The Iran Project

Senior Iran official urges regional states to end rivalries

IRNA – The head of Iran’s Strategic Council on Foreign Relations says despite the opportunities in the Indian Ocean Rim, unfortunately the rivalries between some countries have had negative impacts on the region’s development.

Kamal Kharazi during a seminar on ‘Iran – Pakistan Development and Cooperation in the Indian Ocean’ at the Council of Foreign Relations in Karachi said, the wave of Takfiri terrorism has sparked insecurity and instability in many parts of the Indian Ocean Rim like Pakistan, Yemen, India, southern Persian Gulf states, Somalia, and East Africa.

He said the geopolitics of the Indian Ocean Rim is changing rapidly. “On the one hand, a group of countries in the region are on the track of fast development or at least, on its verge. On the other hand, unfortunately, instability and insecurity, as well as geopolitical rivalries, are high in the Indian Ocean area. In fact, development, insecurity, and rivalry are the three attributes of the Indian Ocean region,” said the Iranian scholar.

He added that over the last two decades, the countries of the Indian Ocean Rim, following East Asian and South Eastern Asian countries, have taken important steps towards their economic development.

“Abundant oil revenues in Persian Gulf have helped littoral states to develop. India has also taken the path of development and supported by Western countries. Silk Road initiative, proposed by the president of China in 2013, fosters investment in economic infrastructures of Pakistan,” the Iranian former foreign minister said.

Kharazi was of the view that Arab uprisings, which began in North Africa and spilled over to the Middle East and the Persian Gulf, have created unexpected instability in the whole region by the expansion of terrorism in an atmosphere of political vacuum created by Arab uprising.

The expert on international affairs said despite the opportunities in the Indian Ocean Rim, unfortunately the rivalries between some countries have had negative impacts on the region’s development.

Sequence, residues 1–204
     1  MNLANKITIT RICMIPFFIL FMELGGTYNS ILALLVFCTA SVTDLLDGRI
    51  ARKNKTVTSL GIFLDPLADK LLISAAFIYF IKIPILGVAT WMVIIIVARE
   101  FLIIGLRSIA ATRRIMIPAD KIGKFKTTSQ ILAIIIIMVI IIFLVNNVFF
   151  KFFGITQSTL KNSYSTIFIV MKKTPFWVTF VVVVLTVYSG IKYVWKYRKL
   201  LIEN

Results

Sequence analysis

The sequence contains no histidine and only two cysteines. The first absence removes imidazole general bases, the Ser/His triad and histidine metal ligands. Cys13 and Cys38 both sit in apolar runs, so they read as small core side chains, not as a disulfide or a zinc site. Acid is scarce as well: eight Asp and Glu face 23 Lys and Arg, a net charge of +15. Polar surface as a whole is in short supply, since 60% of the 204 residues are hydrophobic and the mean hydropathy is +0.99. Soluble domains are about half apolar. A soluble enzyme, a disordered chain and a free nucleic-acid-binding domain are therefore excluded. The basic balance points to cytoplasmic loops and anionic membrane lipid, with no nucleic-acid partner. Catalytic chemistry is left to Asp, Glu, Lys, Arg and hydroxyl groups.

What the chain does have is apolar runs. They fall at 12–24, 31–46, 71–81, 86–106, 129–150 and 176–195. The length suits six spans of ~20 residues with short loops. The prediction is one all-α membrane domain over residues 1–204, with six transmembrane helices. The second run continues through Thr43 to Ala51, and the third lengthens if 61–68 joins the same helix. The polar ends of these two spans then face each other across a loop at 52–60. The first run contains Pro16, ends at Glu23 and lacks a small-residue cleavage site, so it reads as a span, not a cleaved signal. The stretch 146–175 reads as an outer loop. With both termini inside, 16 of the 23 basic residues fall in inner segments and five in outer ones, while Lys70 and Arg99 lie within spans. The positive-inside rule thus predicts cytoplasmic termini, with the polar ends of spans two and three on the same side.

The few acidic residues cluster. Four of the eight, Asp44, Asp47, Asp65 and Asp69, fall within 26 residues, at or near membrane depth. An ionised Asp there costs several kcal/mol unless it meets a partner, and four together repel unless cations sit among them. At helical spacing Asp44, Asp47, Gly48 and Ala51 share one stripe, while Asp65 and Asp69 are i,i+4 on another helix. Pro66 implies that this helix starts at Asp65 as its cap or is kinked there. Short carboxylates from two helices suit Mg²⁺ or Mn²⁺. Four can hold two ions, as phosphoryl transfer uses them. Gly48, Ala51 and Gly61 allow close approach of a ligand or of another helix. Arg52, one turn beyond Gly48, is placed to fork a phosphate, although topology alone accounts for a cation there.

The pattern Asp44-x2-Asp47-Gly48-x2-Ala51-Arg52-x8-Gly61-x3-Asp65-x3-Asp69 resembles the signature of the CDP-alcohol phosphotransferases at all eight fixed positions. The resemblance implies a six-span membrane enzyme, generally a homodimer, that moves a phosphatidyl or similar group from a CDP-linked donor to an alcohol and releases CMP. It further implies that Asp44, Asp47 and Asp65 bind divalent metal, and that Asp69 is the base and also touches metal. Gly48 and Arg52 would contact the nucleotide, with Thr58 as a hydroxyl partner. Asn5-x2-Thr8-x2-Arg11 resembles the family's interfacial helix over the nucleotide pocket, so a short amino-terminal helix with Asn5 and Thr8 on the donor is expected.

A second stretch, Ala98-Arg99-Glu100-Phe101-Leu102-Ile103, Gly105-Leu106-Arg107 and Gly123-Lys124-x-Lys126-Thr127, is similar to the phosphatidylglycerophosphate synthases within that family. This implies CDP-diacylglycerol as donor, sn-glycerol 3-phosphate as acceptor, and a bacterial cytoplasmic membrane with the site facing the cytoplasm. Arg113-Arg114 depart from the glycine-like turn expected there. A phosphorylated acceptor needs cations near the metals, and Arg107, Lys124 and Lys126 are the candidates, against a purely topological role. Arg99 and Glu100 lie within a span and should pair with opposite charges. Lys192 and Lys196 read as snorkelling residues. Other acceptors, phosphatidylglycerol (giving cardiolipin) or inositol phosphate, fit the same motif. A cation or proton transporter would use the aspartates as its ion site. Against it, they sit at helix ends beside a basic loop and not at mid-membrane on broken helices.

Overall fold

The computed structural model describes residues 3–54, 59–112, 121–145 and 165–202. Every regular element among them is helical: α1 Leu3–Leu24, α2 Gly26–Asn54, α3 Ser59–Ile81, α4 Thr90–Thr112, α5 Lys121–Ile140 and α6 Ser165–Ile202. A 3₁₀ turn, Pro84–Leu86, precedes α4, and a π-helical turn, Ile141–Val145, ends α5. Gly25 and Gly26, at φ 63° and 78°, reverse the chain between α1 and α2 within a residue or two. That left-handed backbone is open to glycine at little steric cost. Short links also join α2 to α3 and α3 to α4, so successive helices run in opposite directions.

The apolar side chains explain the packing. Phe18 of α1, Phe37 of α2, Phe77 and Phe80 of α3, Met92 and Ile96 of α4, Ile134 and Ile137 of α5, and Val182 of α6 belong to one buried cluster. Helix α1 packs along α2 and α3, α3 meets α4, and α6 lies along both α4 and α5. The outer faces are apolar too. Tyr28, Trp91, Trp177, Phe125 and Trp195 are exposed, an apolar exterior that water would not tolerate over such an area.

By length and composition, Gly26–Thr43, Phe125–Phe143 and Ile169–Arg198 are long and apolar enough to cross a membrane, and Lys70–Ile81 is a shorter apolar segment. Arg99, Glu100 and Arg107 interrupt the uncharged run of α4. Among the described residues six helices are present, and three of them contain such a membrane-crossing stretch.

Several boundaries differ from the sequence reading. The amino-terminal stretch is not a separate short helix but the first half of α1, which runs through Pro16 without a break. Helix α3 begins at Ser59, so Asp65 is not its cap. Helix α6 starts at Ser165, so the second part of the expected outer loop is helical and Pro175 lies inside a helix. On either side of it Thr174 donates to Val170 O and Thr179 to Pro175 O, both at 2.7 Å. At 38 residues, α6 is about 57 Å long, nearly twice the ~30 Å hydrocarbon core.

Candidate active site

He said Iran has developed Chabahar Port to be a platform for Indian Ocean cooperation. “India is using that port to have access to Afghanistan and Central Asia, and we welcome China, Pakistan, and Oman to join for a regional cooperation. Indian Ocean cooperation can be an effective force to reduce regional rivalries and expand security in the region,” he said.

He believed that in line with fostering regional connectivity, China, Iran, and Pakistan can cooperate to complete the Silk Road by connecting Gwadar port to Chabahar.

“In fact, by connecting Gwadar port to Chabahar, and using Iranian road and railway systems along Iranian south-north and east-west corridors, China would find access to Central Asia, Russia, Caucasus, Eastern and Western Europe, and of course, the Middle East,” he said.

He added no doubt the economic cooperation between Iran and Pakistan creates vast opportunities for the whole region. “Of course to make it a reality, security has to be intensified in the region, and in that respect cooperation between Iran and Pakistan is mandatory to make it possible,” he said.

Kharazi went on to say that promotion of economic cooperation between Iran and Pakistan is contingent on several factors such as normal banking relations, doing business based on national currencies, establishment of credit lines, implementation of tariffs agreement and free trade agreement.

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